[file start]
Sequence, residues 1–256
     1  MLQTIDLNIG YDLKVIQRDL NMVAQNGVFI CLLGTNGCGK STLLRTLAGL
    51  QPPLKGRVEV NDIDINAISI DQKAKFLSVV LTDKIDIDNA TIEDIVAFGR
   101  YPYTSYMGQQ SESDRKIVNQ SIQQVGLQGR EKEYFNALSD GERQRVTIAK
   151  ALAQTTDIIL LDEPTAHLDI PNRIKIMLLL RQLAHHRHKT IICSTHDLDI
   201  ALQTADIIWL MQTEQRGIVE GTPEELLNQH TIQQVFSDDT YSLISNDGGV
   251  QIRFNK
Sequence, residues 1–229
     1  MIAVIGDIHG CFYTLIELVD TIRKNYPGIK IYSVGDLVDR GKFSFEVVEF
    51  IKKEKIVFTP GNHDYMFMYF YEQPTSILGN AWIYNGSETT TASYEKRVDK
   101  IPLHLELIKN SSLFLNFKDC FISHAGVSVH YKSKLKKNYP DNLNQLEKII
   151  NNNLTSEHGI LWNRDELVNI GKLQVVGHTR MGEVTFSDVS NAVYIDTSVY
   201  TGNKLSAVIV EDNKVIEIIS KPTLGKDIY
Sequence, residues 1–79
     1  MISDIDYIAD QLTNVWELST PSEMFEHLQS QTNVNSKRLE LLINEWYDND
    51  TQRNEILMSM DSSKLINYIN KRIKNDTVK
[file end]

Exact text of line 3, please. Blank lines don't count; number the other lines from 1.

    51  QPPLKGRVEV NDIDINAISI DQKAKFLSVV LTDKIDIDNA TIEDIVAFGR